Islam Throughout the World: Nigeria

Abuja National Mosque
Photo 188512961 © Wirestock | Dreamstime.com

The Federal Republic of Nigeria is a state in West Africa, on the coasts of the Gulf of Guinea. Its neighbours to the west and east are Benin and Cameroon, and to the north it borders Niger. Nigeria is the leading oil producer on the African continent. In 2014, overtaking South Africa in terms of GDP, Nigeria became the largest economy in Africa.

Nigeria is a secular state, but Muslims make up 50% of the population here, so Nigeria can be called a Muslim country. Muslims in Nigeria practice Sunni Islam in the Maliki madhhab (traditional madhhab for West Africa). In the north of the country, where the absolute Muslim majority lives, Sharia law has been in force since 1999.

Islam came to West Africa in the most peaceful way, through trade. Within the northern belt of Africa (in Egypt, Tunisia, on the African coast of the Mediterranean Sea and among the Berbers of Morocco) the armies of the Caliphate asserted the true faith through armed struggle against idolaters. Under the Umayyad caliphs, by 715, all of North Africa was Islamized. But further south, along the entire length of the continent, from the Atlantic Sea to the Arabian Peninsula, lay the great Sahara Desert. No army could cross it. But where an army cannot pass, the camels of trade caravans will. Arab merchants, and with them Islamic preachers and Sufi dervishes, crossed the Sahara and saw beyond its southern edge states inhabited by African black-skinned nations: Hausa, Fulani, Sonnike, Yoruba. So, starting from the 10th century CE, Islam began to gradually spread in West and Central Africa, when the rulers of African states and the leaders of African nations began to convert to it.

After the end of the colonial period in the middle of the 20th century CE, modern African states were created on the territories of the former colonies. However, their boundaries differed from those of ancient tribal unions and states. So, the Fulani people turned out to be dispersed over several countries, namely, Mauritania, Gambia, Senegal, Guinea. The Sonnike people ended up on the territory of Burkina Faso and again in Gambia, Mauritania and Senegal. The Hausa people now live in Cameroon, Niger, Chad, the Central African Republic, and so on. The leaders of all these peoples adopted Islam in the 10th-11th centuries CE, therefore all Hausa, all Fulani, all Sonnike from then to the present are Muslims. Accordingly, all modern states in which they live also became Muslim.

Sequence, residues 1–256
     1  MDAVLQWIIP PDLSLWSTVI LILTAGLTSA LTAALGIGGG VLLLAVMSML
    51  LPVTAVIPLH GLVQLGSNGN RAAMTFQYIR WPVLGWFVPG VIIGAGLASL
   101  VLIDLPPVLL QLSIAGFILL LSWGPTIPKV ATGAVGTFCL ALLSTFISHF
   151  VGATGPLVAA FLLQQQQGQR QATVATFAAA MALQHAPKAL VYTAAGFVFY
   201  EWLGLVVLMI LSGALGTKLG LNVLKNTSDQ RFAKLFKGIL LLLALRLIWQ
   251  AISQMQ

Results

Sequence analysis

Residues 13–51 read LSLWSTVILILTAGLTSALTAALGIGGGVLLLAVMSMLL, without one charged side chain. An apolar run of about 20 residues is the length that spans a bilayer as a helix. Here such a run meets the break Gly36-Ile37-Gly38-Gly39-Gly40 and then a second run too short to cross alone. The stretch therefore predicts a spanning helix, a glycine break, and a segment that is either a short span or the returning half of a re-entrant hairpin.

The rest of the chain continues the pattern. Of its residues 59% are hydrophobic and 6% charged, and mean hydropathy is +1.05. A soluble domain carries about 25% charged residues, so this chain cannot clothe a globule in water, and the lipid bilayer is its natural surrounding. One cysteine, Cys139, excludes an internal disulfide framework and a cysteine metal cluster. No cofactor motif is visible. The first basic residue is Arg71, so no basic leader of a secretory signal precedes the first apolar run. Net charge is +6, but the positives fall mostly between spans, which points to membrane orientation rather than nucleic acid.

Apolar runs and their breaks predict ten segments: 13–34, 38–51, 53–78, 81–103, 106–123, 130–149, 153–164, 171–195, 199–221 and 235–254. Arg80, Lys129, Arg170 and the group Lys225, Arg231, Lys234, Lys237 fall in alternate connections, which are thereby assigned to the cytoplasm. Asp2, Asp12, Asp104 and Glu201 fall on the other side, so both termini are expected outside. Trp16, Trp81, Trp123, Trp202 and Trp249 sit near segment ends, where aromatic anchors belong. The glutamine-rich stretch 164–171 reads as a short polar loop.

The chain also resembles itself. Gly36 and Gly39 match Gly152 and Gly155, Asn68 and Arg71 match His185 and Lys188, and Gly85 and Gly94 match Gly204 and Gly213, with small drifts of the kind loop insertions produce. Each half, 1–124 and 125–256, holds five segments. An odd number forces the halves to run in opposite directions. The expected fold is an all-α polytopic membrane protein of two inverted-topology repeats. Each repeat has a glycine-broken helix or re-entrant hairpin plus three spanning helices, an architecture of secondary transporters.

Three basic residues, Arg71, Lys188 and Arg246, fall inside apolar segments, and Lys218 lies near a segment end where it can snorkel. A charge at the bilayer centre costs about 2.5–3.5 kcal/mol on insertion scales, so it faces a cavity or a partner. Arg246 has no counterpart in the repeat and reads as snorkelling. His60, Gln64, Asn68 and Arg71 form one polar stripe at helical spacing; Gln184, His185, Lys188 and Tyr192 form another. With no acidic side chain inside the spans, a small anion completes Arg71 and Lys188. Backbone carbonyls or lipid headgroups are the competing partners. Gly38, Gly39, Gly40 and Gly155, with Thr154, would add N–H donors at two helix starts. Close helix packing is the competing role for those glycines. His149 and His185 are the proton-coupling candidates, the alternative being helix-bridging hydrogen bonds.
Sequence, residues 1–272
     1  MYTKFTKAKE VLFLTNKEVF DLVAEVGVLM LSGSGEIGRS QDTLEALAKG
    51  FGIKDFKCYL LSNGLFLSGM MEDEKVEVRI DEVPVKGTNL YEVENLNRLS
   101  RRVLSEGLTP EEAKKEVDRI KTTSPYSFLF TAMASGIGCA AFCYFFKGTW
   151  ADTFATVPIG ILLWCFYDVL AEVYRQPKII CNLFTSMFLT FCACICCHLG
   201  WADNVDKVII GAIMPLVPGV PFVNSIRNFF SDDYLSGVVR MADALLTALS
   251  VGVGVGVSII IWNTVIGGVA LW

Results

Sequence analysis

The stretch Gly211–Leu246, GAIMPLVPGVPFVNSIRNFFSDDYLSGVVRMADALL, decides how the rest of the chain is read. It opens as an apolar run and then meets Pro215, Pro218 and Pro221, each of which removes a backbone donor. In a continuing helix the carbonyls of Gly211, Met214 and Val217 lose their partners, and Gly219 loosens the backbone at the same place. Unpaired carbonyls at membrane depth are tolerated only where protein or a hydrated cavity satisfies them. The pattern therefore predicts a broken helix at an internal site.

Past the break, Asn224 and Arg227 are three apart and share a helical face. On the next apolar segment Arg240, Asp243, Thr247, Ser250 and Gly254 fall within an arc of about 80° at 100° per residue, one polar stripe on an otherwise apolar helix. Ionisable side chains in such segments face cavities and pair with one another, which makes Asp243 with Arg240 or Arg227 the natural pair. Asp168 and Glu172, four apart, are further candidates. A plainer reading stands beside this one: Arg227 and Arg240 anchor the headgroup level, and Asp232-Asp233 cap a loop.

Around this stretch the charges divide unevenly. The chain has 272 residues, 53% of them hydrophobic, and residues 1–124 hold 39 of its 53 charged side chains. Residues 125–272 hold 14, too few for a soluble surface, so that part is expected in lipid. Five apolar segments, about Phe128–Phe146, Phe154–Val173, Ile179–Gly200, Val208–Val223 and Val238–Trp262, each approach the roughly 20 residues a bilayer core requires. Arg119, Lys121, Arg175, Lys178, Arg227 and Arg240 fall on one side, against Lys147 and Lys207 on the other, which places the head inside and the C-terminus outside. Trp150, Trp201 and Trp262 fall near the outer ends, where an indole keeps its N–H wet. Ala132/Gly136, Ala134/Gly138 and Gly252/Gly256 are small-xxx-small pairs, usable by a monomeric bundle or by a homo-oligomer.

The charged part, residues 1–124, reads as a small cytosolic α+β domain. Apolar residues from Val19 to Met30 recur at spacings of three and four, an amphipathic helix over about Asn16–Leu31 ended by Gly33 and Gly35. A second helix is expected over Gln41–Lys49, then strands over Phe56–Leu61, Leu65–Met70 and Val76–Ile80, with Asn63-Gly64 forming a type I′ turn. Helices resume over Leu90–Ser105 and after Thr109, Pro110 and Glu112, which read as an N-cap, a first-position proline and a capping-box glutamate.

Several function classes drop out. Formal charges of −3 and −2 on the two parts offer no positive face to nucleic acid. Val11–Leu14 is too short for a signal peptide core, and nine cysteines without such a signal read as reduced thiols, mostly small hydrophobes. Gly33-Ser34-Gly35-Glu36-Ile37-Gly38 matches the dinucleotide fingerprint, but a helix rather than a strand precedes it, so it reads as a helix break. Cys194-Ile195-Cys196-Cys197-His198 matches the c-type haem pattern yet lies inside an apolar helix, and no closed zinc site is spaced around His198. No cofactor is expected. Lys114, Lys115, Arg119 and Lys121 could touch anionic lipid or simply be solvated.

In addition, Islam was accepted by the rulers of ancient states that were located in the territories of these nations (West and Central Africa). These are the empires of Ghana (6th-13th centuries CE) (does not correspond to modern Ghana), Mali (neither corresponds to the modern state) (1240-1645), Kanem (900-1390), Bornu (1390-1808) and the Islamic Sultanate of Sokoto (the core of modern Nigeria) which replaced it in 1808, Songhai (1460-1591). Islam has become the ubiquitous religion of West Africa. All the states formed in the territory of this region in the modern period inherited Islam from these ancient empires and sultanates. By embracing Islam, the rulers pursued not only spiritual goals. Islam contributed to the strengthening of trade with the Muslim countries of the East, from which a vast amount of goods came to Africa. One can probably say that this way of spreading Islam in the world is the ideal model of its propagation, when it presents itself as a combination of the highest human values to follow and an offer of mutually beneficial cooperation.

The Hausa and Fulani peoples, who constitute the ethnic majority of Nigerians, have been devout followers of Islam since ancient times. At the beginning of the 19th century they formed the Islamic state of Sokoto in Nigeria, where Sharia law was observed and all the prescriptions of the Muslim faith were zealously fulfilled. The ruler of Sokoto was called the caliph, and his governors were called emirs. The Sultans of Sokoto are still the spiritual heads of Muslims in Nigeria.

At the end of the 19th century, the territory of Nigeria became a British colony. The Yoruba people underwent increased Christianization, as a result of which, after gaining independence in 1960, Nigeria as a country made up of several territories was religiously mixed. Since 1990, Islam has become increasingly important in Nigeria. All public events began and ended with Muslim prayers. Almost every Nigerian knew at least one Muslim prayer and could list the Five Pillars of Islam. However, in the past 10 years, the number of Christians in Nigeria has grown and exceeded the number of Muslims. The spiritual head of the Muslims of Nigeria is the Chairman of the Supreme Council for Fatwas and Islamic Affairs, Sheikh Dr. Ibrahim Salih, Supreme Mufti of Nigeria.